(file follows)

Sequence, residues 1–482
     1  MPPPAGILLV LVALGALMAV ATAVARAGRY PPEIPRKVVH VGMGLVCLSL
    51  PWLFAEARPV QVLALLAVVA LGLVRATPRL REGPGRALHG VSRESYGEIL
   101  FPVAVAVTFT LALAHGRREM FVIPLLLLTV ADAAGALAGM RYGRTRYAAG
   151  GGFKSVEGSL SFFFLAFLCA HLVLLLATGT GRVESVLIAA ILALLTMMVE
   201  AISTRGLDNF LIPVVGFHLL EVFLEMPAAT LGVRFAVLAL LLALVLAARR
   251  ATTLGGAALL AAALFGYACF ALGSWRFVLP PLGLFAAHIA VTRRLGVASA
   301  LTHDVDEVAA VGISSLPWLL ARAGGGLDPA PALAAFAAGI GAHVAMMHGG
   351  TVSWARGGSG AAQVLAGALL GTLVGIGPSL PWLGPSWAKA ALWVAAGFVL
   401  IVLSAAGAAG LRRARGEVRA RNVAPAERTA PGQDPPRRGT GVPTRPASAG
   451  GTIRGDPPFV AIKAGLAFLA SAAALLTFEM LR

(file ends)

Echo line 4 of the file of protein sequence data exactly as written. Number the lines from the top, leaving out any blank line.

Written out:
   101  FPVAVAVTFT LALAHGRREM FVIPLLLLTV ADAAGALAGM RYGRTRYAAG